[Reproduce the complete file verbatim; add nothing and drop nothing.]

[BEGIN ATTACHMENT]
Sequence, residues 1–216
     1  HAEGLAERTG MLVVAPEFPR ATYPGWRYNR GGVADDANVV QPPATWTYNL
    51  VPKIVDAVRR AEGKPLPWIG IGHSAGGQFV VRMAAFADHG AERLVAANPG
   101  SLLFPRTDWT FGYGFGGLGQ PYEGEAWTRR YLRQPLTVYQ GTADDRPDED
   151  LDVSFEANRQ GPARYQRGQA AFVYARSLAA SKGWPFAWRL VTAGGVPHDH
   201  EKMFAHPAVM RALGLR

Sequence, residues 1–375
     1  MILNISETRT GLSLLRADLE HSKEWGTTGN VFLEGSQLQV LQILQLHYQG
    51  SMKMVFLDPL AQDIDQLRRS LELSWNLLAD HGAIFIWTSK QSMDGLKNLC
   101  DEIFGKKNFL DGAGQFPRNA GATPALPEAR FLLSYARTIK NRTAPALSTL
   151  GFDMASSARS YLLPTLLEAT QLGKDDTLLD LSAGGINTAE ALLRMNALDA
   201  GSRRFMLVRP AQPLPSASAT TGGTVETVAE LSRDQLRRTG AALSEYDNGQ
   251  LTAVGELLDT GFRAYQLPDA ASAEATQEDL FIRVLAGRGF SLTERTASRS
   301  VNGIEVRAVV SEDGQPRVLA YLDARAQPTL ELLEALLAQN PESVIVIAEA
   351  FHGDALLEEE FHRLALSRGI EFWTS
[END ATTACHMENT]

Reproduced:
Sequence, residues 1–216
     1  HAEGLAERTG MLVVAPEFPR ATYPGWRYNR GGVADDANVV QPPATWTYNL
    51  VPKIVDAVRR AEGKPLPWIG IGHSAGGQFV VRMAAFADHG AERLVAANPG
   101  SLLFPRTDWT FGYGFGGLGQ PYEGEAWTRR YLRQPLTVYQ GTADDRPDED
   151  LDVSFEANRQ GPARYQRGQA AFVYARSLAA SKGWPFAWRL VTAGGVPHDH
   201  EKMFAHPAVM RALGLR

Sequence, residues 1–375
     1  MILNISETRT GLSLLRADLE HSKEWGTTGN VFLEGSQLQV LQILQLHYQG
    51  SMKMVFLDPL AQDIDQLRRS LELSWNLLAD HGAIFIWTSK QSMDGLKNLC
   101  DEIFGKKNFL DGAGQFPRNA GATPALPEAR FLLSYARTIK NRTAPALSTL
   151  GFDMASSARS YLLPTLLEAT QLGKDDTLLD LSAGGINTAE ALLRMNALDA
   201  GSRRFMLVRP AQPLPSASAT TGGTVETVAE LSRDQLRRTG AALSEYDNGQ
   251  LTAVGELLDT GFRAYQLPDA ASAEATQEDL FIRVLAGRGF SLTERTASRS
   301  VNGIEVRAVV SEDGQPRVLA YLDARAQPTL ELLEALLAQN PESVIVIAEA
   351  FHGDALLEEE FHRLALSRGI EFWTS